How Do We See Color? Facts About Our Vision Simplified For Kids!

Adekunle Olanrewaju Jason
Jan 24, 2024 By Adekunle Olanrewaju Jason
Originally Published on Oct 29, 2021
Close Up Macro Shot of an Eye.
Age: 3-18
Read time: 6.3 Min

When light hits an object the object absorbs some of the light and reflects the rest of it.

Light receptors that are present within the eye are known to translate messages to the brain. This, in turn, produces familiar sensations of color after light hits an object.

It was observed by Isaac Newton that colors aren’t necessarily inherent in an object, but rather the surface of the object is seen to reflect some colors and absorb others. What we perceive are only the colors that are reflected. So for example, the color red that we see in an apple is not in an apple, but the surface of it is reflecting wavelengths that we see as a red color. The object absorbs the rest.

In a white object, we see the color white as all the light is reflected, whereas in black, it absorbs all the wavelengths. This light that reflects and absorbs is how both of these colors get their respective shades. In the color spectrum, the primary colors are red, green, and blue. When we combine these in balanced amounts, it also produces a pure white light or color.

Color blindness is a condition wherein the part of the brain that interprets colors is damaged by ailments like glaucoma or macular degeneration.

Keep reading to learn how we see color and the problem of color blindness. After reading about vision in humans, do check how do we see and how do telescopes work?

How does the human eye see color?

We categorize different types of light depending on their different wavelengths, which can range from many meters between every wave peak to as little as an atom's diameter. These different wavelengths have an entire electromagnetic spectrum including high energy light waves with short wavelengths, such as cosmic and gamma rays, as well as low energy light waves with long wavelengths, such as radio waves. Color vision is enabled by different types of cones found at the center of the retina. This color vision is classified into three types.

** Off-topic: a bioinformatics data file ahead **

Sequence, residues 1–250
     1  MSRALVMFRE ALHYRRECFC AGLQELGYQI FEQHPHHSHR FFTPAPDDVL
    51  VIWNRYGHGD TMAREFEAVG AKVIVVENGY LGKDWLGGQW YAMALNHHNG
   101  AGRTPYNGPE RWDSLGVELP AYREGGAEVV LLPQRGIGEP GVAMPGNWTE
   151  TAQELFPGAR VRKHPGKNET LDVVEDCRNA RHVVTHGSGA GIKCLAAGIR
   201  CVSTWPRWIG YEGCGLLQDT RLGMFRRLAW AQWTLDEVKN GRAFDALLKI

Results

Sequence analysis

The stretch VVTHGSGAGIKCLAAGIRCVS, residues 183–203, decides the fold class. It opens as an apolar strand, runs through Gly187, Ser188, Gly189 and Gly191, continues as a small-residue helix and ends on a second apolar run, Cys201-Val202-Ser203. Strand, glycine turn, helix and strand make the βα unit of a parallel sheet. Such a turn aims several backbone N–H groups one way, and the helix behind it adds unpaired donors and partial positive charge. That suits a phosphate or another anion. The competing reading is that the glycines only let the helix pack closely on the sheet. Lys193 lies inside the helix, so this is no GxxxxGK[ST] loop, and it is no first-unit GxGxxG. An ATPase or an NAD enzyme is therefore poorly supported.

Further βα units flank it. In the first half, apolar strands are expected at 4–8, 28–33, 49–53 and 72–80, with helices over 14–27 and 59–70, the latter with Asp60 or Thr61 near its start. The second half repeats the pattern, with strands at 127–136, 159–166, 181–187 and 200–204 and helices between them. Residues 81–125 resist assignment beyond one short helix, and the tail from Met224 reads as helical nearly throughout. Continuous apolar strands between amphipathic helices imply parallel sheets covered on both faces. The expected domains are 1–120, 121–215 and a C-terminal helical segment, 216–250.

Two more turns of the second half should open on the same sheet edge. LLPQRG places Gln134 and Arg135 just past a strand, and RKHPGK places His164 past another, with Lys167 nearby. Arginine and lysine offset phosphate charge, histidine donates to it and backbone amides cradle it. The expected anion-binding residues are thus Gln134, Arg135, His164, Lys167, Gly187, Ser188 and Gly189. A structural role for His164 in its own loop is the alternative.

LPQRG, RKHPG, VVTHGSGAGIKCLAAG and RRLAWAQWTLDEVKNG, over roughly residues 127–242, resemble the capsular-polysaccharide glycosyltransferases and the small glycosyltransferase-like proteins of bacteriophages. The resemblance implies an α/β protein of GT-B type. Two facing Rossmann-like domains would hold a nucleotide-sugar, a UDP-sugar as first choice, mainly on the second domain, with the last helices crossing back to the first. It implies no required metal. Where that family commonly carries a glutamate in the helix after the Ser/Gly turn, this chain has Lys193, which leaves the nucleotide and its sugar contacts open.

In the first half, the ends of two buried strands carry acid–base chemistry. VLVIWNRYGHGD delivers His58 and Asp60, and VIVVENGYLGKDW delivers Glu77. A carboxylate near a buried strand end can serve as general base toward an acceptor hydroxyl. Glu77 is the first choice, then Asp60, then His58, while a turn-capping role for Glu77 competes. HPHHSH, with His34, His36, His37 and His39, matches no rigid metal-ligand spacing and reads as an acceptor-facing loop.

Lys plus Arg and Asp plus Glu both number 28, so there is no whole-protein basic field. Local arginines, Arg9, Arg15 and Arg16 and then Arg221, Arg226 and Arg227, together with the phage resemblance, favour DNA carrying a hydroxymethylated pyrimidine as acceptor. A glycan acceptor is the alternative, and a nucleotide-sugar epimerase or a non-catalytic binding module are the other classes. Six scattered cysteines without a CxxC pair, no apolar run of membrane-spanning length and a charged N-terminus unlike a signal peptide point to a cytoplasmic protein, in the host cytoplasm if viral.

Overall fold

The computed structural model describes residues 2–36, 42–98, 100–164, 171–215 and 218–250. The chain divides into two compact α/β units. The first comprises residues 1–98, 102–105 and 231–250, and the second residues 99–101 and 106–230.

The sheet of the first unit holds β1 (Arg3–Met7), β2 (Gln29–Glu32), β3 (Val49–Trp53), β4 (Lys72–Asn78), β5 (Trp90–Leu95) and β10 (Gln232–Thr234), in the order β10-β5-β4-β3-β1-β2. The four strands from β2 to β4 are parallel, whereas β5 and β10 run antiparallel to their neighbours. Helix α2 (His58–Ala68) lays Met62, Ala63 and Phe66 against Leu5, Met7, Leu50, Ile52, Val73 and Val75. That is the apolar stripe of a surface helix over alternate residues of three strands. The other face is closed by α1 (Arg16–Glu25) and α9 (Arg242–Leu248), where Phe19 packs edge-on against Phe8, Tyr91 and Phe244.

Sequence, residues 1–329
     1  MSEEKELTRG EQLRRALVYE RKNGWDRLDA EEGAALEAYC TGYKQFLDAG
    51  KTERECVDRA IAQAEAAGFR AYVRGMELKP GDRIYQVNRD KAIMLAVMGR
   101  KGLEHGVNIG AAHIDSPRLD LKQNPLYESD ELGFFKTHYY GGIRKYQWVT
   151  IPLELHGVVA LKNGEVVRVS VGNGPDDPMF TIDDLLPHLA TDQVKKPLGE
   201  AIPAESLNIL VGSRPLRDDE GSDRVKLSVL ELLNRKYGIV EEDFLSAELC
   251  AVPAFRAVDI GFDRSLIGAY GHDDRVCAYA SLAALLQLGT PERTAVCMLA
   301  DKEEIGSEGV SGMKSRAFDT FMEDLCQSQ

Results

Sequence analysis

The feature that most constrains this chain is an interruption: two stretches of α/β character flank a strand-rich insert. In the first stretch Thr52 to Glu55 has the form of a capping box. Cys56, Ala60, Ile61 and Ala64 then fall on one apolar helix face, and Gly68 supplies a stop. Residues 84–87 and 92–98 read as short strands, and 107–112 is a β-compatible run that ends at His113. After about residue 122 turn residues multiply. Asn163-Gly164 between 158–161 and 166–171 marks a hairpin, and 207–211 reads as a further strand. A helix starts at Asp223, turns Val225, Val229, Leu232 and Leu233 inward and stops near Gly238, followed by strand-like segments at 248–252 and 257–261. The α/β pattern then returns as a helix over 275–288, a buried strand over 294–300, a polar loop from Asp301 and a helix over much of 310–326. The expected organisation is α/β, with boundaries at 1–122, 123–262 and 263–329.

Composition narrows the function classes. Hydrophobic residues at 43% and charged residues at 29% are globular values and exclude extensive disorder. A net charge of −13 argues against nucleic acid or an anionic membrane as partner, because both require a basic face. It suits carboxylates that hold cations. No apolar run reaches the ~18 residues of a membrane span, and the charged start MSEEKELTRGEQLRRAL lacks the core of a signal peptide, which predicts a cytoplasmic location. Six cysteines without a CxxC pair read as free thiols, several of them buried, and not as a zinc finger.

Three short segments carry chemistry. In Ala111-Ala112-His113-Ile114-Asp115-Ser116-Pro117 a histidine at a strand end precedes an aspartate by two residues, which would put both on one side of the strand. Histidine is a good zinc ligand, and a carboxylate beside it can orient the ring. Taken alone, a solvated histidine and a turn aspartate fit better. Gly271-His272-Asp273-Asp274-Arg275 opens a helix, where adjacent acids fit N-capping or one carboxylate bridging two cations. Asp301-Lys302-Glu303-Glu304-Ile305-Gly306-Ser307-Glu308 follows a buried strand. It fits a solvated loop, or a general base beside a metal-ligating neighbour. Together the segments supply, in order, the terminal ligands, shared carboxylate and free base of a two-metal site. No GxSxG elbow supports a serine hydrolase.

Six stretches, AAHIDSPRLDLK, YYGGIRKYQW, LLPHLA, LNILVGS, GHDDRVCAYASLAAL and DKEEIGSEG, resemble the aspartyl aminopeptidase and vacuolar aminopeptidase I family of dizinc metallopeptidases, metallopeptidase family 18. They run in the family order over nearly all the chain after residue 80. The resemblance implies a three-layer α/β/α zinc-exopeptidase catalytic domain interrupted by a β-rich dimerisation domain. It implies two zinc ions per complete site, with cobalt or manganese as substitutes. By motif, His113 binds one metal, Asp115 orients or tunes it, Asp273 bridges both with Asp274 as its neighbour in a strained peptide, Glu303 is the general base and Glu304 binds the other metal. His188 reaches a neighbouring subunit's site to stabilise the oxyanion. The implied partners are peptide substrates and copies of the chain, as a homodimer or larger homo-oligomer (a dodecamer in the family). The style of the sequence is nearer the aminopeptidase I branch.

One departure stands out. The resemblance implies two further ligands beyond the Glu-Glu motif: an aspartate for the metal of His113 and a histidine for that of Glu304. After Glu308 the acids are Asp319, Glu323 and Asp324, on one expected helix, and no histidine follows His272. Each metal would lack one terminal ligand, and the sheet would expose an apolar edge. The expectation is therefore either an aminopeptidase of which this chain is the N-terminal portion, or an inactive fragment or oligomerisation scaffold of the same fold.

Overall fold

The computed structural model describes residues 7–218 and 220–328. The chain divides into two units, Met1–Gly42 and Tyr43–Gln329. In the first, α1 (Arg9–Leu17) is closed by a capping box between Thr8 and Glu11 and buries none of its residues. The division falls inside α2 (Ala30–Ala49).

When light is reflected off an object and enters our eyes, light hits the cornea first, the clear outer layer. The cornea then bends light towards the pupil, which broadens or restricts to allow more or less light into the eye. The reflected light travels to the lens, which curves and concentrates it to a spot on the retina's outer layer. When reflected light is detected by the cells at the rear end of the retina, the information is transmitted to the brain via the optic nerve, where it is processed and analyzed. After the reflected light is transferred through the optic nerve, the retina is composed of light-sensitive cells known as rods and cones, which transmit data to nerve fibers in the inner retina. In the rods and cones, rods are in charge of what we perceive of light and dark. Rods are also in charge of our field of vision.

What colors do humans actually see?

The visible light spectrum extends from violet light (which has a frequency of about 400 nanometres) to red light (which has a frequency of about 650-700 nanometres). Because a functional human eye has three kinds of photoreceptor cells, many of which can record approximately 100 different shades, most scientists in the world estimate that the number of colors we can distinguish between is around one million.

However, there are some colors that fall outside of our spectrum of visible light that we cannot see. There are some people who suffer from color blindness who can’t differentiate between colors. Such color blindness in people makes them think that two similar shades are the same color.

Colors like red, green, and yellowish-blue (not green, but a hue similar to both yellow and blue), are impossible for the human eye to see. When hit by inbound red light, cells in the retina, known as 'opponent neurons', are ignited, signaling to the brain that we're looking at something red. Green light inhibits those very same opponent neurons, and the lack of any activity informs the brain that we are seeing green. So, seeing red and green together is impossible. Likewise, yellow light stimulates another set of opponent neurons while blue light suppresses them.